The goal of the EPR is communication. You want to convey a certain impression and for most of us, that impression is that we are overdue for promotion!
In order to communicate that fact, you must identify your audience. Who is the audience? Although many people, from your best friend to the clerks at MPF, may read your EPR, the audience that matters is the audience who will be reading the EPR in connection with personnel actions and passing judgement. And that means Senior NCOs. You have to write your EPR accomplishments in a context that Senior NCOs can understand and appreciate. Senior NCOs have a different view of what matters and what is important than we do.
For example, you might think that your best accomplishment was the fact that you polished the brass on your workcenter's main entrance doors better than anyone else in your section. You worked hard at it, you sweated and put your heart and soul into it because the NCOIC prized a spick and span entry way and a gleaming brass door. You probably volunteered when no one else would and put in a little overtime too. And you took preventative action to preserve that shine and conserve it as long as possible.
While that work was certainly laudable and was actually required, it isn't the type of thing they're looking for in an EPR unless your job title happens to be Door Polisher. To be sure, the kind of Airman who is willing to do thankless work like this is the kind of Airman every supervisor prizes. But it's understood that this kind of work is neccessary and won't be recorded except in the supervisor's memory.
The type of accomplishments that belong in an EPR are those that support your unit's mission. The strongest bullet you can write is one that demonstrates the accomplishment of the mission assigned to you or your unit.
From the Senior NCO's point of view, what counts is mission accomplishment. He is functioning at the Squadron (or even Group) level and is aware of the efforts of dozens of workcenters, all united in working toward a common goal. One flight may be in charge of ensuring all other flights have the computers necessary to surf the web. Another workcenter may have the responsibility to keep all aircraft full of fuel. If you're assigned to the Bottle Washer flight, your achievements should be related to producing pristine and sanitary bottles.
If you're having trouble visualizing your workcenter's goal (which is very easy to do when you're engrossed in the details of making things happen), Google your squadron's home page. Usually the squadron will have their goals listed right on the first page. Look at these examples:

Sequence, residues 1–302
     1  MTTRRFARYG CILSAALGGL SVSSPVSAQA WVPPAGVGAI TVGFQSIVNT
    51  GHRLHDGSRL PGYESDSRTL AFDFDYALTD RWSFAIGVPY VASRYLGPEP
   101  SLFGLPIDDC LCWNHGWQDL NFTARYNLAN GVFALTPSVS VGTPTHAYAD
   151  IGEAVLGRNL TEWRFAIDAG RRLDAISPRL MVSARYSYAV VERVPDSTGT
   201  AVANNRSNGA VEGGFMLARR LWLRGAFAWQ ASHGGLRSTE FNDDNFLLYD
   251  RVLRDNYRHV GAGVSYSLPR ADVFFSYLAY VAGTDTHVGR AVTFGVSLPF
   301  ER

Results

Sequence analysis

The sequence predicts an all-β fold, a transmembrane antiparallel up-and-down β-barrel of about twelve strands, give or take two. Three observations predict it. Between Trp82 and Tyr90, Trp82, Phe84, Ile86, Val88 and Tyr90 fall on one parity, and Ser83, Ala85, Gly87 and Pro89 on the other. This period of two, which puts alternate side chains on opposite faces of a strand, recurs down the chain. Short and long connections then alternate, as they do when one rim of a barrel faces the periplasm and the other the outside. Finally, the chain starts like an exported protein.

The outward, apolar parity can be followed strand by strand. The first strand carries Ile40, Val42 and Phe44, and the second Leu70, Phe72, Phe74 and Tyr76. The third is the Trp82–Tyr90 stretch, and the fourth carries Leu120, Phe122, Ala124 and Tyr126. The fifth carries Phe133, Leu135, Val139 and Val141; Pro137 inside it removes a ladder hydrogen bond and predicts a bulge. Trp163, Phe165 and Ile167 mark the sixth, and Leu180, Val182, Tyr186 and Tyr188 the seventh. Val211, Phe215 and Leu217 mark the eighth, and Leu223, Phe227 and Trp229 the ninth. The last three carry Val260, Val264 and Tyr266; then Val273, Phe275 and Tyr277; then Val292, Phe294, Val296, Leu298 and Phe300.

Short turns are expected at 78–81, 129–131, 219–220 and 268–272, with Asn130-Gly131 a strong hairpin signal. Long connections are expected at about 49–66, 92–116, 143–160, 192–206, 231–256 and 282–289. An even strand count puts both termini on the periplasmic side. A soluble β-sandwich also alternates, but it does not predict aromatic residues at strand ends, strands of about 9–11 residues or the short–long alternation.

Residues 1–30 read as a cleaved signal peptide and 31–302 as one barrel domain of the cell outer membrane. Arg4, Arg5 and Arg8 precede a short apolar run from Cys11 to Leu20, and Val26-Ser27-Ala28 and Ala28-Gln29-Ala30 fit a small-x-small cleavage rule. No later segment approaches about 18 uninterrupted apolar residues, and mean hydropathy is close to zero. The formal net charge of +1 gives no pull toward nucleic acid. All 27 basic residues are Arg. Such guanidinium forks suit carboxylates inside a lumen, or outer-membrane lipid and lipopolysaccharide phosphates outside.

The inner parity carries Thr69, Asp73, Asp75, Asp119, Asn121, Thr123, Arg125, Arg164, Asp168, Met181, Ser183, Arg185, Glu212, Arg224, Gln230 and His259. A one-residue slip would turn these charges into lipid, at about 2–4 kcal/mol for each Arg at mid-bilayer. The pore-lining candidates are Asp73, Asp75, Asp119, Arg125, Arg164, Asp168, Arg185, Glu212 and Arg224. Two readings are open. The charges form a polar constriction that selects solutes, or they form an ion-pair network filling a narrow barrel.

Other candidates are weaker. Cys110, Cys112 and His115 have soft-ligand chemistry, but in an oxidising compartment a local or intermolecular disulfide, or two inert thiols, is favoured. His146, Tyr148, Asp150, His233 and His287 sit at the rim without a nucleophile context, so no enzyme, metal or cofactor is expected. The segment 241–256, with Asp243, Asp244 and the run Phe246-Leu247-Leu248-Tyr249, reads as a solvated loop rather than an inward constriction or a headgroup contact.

Click on the individual units of the links above and the goals and mission statements of each one will be listed. Look up your own unit and copy down their goals. Then make your bullets related to those goals!
We all know that unsubstantiated, overly wordy descriptions are not helpful in EPRs. An Airman will not benefit from being described as the "outstanding Senior Airman with a high degree of professionalism and reliability, including an impeccable work ethic and mechanical expertise". That sounds nice but is too general to really convince the reader that the ratee is above average. The only way to accomplish that is by listing the ratee's specific accomplishments!
But, when listing accomplishments, we have some latitude in how we describe the significant feat. We could say:
Ensured 100% of equipment operational for deployment
Launched flight with full complement of weapons systems
The latter, while describing the same work, sounds more impressive. Well, that might not be the best example but I think you get the idea.
Use action words. Instead of "delivered material on time, solely responsible for on-time departure...", write "Rescued mission from failure, rushed over 10K liters fuel to stranded aircraft".
It just makes for more interesting reading and we need every advantage we can muster. Dig out your thesaurus and use it. Don't use the same word for every sentence. The English langauge is packed with alternatives!
Instead of "outstanding" which appears in just about every EPR ever written, use something else:
DYNAMITE, awesome, impressive, COMMANDING, great, strong, superior, EXCELLENT, best, perfect, terriffic, fantastic, first-class, first-rate, notable, five-star, high-powered, professional, BRILLIANT, solid, big-league/major league, effective, successful, PRODUCTIVE, powerful, dynamic --or ANYTHING EXCEPT OUTSTANDING!
-Relate accomplishments to mission goals.
-You must have specific accomplishments to make the EPR competitive. If you don't have enough of your own, use the accomplishments of your team, workcenter, or unit.
-Use the fact that we're at war -this is a war time achievement; associate accomplishments with the war effort somehow.
-Use buzz words to impress: aviation, Global War on Terrorism, etc.
-What exercises or deployments were supported? Work those in! Did the ratee deploy? If so, include that -that's big.
-Use illustrious words!